For a number of years, the U.S. Army Corps of Engineers has been conducting environmental investigations and cleanup activities on and around the AU campus. These activities are the result of the U.S. Army's presence in Spring Valley during the World War I era. The Army has completed most of their work on the AU campus, with the remaining work focused mainly on the area known as Lot 18, in the area behind Kreeger, Hamilton, Financial Aid, Public Safety, and the Rockwood buildings. Work on other aspects of the Lot 18 cleanup will continue for several more weeks.
As new data are collected during these investigations, the Army Corps revises and adjusts its work plans to incorporate new findings. Indeed, the Corps recently notified its Spring Valley partners (the Environmental Protection Agency and D.C. Department of the Environment) and American University that geophysical surveys of the areas near the Financial Aid, Public Safety and Rockwood buildings indicate the possibility of additional burial areas containing World War I-related debris, which will require investigation and possible excavation.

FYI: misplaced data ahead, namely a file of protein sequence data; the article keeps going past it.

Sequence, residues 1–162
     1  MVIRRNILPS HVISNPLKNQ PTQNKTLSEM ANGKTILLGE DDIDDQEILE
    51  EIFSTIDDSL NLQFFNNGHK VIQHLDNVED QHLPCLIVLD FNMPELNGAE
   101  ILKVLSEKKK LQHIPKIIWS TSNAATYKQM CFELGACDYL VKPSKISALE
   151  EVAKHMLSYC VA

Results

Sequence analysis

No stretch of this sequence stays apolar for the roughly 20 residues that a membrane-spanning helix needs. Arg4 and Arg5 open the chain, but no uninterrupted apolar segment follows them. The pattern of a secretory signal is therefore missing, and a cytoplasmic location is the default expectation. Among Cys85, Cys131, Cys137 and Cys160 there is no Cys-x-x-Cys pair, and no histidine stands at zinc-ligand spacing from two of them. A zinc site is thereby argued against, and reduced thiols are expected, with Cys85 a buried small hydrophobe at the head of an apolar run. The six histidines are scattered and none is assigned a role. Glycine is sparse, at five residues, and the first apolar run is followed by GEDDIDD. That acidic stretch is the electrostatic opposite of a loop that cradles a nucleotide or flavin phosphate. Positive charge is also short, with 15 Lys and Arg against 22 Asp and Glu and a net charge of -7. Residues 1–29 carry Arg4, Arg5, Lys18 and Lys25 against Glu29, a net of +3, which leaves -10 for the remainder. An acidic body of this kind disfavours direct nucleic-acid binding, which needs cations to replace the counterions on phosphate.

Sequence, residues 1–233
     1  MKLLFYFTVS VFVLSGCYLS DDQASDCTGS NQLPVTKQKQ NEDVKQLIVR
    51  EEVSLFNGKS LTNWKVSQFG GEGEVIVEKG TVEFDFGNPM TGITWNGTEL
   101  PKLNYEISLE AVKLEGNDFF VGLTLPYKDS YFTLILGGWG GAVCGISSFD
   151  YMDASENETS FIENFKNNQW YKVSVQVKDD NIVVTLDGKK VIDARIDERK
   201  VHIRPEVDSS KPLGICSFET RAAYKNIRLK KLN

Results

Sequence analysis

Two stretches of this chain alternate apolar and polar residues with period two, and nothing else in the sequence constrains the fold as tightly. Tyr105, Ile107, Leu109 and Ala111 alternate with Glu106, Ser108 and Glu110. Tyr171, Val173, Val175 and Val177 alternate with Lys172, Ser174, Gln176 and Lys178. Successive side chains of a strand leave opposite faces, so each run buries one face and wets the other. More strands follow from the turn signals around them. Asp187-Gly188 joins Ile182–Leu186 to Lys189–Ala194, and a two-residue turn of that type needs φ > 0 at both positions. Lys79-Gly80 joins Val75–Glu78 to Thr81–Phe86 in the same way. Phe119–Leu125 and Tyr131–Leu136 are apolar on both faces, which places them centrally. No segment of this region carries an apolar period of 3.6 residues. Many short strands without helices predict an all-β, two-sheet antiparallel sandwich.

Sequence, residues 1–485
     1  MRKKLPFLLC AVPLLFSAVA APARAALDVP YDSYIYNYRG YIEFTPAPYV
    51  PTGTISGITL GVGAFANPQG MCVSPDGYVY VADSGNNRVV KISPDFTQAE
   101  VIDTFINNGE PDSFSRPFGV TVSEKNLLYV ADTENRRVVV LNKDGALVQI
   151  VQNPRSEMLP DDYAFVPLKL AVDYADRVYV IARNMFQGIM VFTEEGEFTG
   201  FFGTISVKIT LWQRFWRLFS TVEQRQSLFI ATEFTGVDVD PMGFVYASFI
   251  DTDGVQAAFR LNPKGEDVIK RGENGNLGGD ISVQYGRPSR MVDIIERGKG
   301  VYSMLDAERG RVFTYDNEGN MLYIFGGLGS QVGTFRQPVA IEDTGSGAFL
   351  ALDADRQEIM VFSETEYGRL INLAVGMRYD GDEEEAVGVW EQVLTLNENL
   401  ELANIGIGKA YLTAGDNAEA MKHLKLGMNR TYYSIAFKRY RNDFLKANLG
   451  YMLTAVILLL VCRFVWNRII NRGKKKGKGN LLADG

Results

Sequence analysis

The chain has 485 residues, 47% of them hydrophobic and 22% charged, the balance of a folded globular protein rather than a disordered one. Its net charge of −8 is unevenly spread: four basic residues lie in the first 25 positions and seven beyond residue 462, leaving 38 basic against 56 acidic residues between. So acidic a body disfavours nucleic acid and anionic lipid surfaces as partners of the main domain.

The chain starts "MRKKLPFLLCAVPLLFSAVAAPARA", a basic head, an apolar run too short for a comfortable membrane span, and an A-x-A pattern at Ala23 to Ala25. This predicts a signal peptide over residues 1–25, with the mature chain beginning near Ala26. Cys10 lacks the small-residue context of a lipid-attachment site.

The Spring Valley partners do not believe the newly identified debris field poses any immediate risk to the community or students, faculty and staff of American University. The new area is contiguous to the Lot 18 area, which has been the focus of Army Corps activities for the past several years. Like much of the work performed as part of the Lot 18 operation, the Army Corps indicated that this new area will be conducted as "a low probability" investigation. The "low probability" method is used when there is only a small chance of finding war materiel. The Army Corps will develop a work plan and budget to address the scope and cost of work in this area. Once the work plan is developed for this new area, the University and the regulatory agencies will review and comment on the Corps proposal.
The university is committed to helping the Army Corps finish their work on the AU campus and throughout Spring Valley safely and efficiently. Our top priority is the health and safety of the entire campus community. The university closely monitors the Corps' progress, and our independent expert, Dr. Paul Chrostowski, will continue to review the Corps' work and make appropriate recommendations. The Army Corps also receives environmental health and safety input from EPA and the D.C. Department of the Environment. As a result, we are confident that the health and well-being of the campus community is being protected.
Please visit www.american.edu/usace for previous updates provided to the campus community if you have specific questions about the Corps' project at AU.